Thousands of Polish army officers were captured by the Soviet Red army in 1939 and were sent to prison camps near Smolensk Russia. Once the Germans invaded the Soviet Union in 1941 (breaking their “Non-Aggression Pact”), the British and the Soviets became allies. The Brits wanted the pro-Western Polish government in exile (stationed in London) to form an army to fight the Germans. Stalin and his Soviet army agreed to release Polish prisoners to begin forming that army.
However, the Polish government in exile noticed that thousands of Polish officers were not being released. When pressed by the Polish government, Stalin said that they had escaped from Soviet camps and were probably somewhere in Manchuria.
In 1943 the Germans released the news that their army had discovered mass graves of thousands of Polish army officers near the Katyn Forest near Smolensk. The dead officers were all wearing heavy winter clothing and were all shot in the back of the head. The Germans blamed the Soviet NKVD (the communist secret police of the USSR). The Soviets said they were all shot by the Germans.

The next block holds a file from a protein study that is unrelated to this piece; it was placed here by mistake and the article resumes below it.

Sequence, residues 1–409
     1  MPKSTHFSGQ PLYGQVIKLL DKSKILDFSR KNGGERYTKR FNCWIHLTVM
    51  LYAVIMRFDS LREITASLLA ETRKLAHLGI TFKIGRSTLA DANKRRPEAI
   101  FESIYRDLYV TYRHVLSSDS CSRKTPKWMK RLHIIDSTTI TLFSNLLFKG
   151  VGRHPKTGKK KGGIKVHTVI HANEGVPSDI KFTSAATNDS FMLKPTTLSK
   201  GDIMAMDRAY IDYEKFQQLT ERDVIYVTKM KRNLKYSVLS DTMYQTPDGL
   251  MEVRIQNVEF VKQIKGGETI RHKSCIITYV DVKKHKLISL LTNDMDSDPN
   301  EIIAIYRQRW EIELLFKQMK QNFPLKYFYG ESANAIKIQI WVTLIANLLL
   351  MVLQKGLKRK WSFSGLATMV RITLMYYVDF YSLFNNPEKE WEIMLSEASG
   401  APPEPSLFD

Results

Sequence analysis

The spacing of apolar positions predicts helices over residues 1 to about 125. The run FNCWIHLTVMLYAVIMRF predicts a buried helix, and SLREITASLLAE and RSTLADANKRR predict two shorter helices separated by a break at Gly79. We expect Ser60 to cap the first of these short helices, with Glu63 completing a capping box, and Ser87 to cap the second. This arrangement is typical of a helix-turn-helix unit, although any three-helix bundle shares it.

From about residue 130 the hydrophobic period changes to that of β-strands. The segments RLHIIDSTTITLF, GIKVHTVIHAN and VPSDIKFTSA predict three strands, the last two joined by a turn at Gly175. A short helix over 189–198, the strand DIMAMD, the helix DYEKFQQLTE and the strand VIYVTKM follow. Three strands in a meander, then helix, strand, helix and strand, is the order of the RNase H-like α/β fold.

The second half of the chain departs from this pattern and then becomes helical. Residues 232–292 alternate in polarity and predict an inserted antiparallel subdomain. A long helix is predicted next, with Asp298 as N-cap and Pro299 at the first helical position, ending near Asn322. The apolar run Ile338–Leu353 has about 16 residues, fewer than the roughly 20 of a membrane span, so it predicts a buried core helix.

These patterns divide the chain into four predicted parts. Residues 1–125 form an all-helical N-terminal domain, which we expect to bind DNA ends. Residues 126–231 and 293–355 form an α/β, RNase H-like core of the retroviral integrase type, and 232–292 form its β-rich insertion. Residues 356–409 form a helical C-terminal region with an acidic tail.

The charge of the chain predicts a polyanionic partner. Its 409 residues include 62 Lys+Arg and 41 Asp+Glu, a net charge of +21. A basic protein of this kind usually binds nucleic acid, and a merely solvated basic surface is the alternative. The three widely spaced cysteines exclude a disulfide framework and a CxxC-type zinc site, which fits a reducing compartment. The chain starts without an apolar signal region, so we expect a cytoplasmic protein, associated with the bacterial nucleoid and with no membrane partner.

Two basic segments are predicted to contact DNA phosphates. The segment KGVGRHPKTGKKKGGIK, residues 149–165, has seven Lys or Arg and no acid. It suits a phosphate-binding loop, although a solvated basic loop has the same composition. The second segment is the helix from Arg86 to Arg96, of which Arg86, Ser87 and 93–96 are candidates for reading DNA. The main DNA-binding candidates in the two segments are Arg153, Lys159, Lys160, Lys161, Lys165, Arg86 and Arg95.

The truth was finally confirmed after the collapse of the Soviet Union in 1991. Once the files of the KGB (successor to the NKVD) were opened, the Russian government admitted that they had murdered some 22,000 Polish army officers as well as civilians in April of 1940. Half the Polish army officer corps had been executed. The victims were also the intelligentsia of Polish society: university professors, schoolteachers, industrialists, clergy (both Catholic and Jewish), inventors, artists, musicians, journalists…pretty much anyone with “higher education” or in leadership was a target of Stalin. He personally ordered their murder. He did not want anyone in Poland who could possibly be a threat to his puppet communist government later installed by his secret police.
So they were all shot. But the truth always comes out.
And freedom eventually wins.
Today Poland is free.